I figured out why, it’s because it’s been about me. But me has to be censored, and me also looses the run of itself sometimes and reveals more about me than I’d like. And then me reads about itself and sighs and wonders why it bothers.
So, instead of shutting this shit down, I’ve decided to mix things up a bit.
From now on this blog shall be pocket fiction. It shall be all of the invented stuff that swims around up here, it shall be about random people or several random people trapped inside one random person. Or a dog trapped in the 7th dimension, maybe.
Like a right of passage, I think… not really a New Year thing.
Here’s me happily plodding along in my life and expecting the usual landmark occasions such as weddings, christenings, and eventually funerals, happily accepting the happenings that happen in a person’s time-scale. We all accept and expect these things, it’s a part of life.
But then! Right in the middle, when you least expect it, comes the divorce phenomenon.
I might expect an odd divorce. An ODD divorce or separation. When things don’t work out, when people are better off apart, even for their kid’s sake. I’m in the middle of a mass-exodus however. It seems that every happy couple around me; around us, all of our friends are splitting up with each other. Where once a couple were happy to smile upon each other and adore for no other reason but to be in each other’s company, now they choose to quit without a fight.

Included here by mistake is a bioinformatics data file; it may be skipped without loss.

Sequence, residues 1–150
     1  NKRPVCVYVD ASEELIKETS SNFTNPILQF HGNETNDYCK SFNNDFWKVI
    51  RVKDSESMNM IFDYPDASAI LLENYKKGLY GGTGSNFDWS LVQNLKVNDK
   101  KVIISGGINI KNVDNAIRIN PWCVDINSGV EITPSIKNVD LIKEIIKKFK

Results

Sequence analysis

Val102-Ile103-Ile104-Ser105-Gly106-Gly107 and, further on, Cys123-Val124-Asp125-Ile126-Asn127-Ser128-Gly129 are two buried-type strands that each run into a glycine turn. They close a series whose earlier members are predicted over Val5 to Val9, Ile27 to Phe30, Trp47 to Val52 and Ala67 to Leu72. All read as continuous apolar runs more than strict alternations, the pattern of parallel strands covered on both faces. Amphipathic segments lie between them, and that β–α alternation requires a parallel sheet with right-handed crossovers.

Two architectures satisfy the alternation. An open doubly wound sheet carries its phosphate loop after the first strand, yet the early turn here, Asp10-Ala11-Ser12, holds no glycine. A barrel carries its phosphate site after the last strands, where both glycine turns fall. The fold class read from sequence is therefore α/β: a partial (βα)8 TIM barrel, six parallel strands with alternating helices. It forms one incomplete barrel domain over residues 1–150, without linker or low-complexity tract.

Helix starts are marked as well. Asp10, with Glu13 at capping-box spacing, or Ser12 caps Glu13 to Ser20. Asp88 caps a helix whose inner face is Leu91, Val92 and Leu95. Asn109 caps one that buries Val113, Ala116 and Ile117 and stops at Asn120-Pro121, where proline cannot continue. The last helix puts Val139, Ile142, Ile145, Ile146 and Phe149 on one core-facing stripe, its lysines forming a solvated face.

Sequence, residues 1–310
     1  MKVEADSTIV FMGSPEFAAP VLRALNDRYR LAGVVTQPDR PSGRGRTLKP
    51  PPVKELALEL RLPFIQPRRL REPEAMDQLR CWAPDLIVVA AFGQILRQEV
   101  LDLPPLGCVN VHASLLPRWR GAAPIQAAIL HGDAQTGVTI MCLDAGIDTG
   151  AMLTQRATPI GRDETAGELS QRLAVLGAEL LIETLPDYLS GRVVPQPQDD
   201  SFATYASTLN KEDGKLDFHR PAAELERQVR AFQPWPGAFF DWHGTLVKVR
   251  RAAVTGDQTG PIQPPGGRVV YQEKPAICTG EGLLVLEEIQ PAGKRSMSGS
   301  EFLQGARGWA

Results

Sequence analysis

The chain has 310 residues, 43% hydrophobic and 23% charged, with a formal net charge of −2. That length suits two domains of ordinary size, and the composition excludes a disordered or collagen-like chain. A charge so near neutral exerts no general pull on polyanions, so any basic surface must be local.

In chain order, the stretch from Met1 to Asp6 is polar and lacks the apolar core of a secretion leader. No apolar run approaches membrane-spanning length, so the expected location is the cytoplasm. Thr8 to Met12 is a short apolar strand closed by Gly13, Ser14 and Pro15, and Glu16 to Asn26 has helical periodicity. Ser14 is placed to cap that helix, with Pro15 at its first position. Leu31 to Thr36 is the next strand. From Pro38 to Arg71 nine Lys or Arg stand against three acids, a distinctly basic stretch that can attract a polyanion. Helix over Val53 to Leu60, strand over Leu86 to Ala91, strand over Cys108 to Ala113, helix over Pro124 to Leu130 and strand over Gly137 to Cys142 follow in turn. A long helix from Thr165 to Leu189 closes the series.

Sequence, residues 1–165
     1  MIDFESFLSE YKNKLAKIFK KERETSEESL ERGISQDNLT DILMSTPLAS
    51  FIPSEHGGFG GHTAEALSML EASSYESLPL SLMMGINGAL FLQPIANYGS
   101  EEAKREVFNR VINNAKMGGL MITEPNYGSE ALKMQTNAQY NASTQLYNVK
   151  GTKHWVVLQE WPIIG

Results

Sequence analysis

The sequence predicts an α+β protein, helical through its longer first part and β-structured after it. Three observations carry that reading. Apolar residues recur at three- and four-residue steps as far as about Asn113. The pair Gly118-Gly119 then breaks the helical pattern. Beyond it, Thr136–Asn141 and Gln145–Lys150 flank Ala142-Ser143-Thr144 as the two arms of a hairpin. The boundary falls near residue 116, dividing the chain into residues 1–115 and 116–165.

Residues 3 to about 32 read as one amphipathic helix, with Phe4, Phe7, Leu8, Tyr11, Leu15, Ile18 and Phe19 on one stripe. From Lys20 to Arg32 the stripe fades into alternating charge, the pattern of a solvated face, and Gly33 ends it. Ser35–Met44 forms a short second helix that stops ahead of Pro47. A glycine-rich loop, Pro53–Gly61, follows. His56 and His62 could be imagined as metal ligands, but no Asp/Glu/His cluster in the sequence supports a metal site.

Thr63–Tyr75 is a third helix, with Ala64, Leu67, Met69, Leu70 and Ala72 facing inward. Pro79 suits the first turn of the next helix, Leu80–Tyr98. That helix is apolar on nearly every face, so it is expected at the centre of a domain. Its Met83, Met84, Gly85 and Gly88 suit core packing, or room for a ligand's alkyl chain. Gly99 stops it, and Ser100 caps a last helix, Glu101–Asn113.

There’s our best bud, and her lovely husband… they can’t work together. Puppychild wonders if he’s still her uncle, because he is, after all, her favourite uncle of all time. I wonder if she’ll ever see him again.
There’s our family friend, he has two small girls, he and the missuz can’t get along… will we ever get to jigsaw and push each other down slides in the future?
There’s the brother of our family bud, he got married to his fella in the ‘Dam a few year back. I did love that guy, he was different. Will I ever get to compare tattoos with him again? Those boys were to me the epitome of love, and now they’re ended. They went through so many obstacles to prove that gay marriage should be fly, but when they earned their wings, they failed to soar.
Then there’s our extended in the U.S., they had it all. But now maybe not so much, because there was the affair.
Apart from these, there are three other couples close to us that have separated within the last year.